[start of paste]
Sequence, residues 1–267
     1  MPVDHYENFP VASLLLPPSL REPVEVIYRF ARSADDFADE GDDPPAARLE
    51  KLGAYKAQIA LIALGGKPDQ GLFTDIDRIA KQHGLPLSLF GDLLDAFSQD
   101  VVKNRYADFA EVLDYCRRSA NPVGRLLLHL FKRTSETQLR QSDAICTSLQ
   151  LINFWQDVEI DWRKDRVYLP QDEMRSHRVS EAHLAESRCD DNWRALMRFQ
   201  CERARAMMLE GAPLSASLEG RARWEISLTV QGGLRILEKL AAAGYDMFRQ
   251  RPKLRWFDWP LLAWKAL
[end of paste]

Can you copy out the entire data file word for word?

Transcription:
Sequence, residues 1–267
     1  MPVDHYENFP VASLLLPPSL REPVEVIYRF ARSADDFADE GDDPPAARLE
    51  KLGAYKAQIA LIALGGKPDQ GLFTDIDRIA KQHGLPLSLF GDLLDAFSQD
   101  VVKNRYADFA EVLDYCRRSA NPVGRLLLHL FKRTSETQLR QSDAICTSLQ
   151  LINFWQDVEI DWRKDRVYLP QDEMRSHRVS EAHLAESRCD DNWRALMRFQ
   201  CERARAMMLE GAPLSASLEG RARWEISLTV QGGLRILEKL AAAGYDMFRQ
   251  RPKLRWFDWP LLAWKAL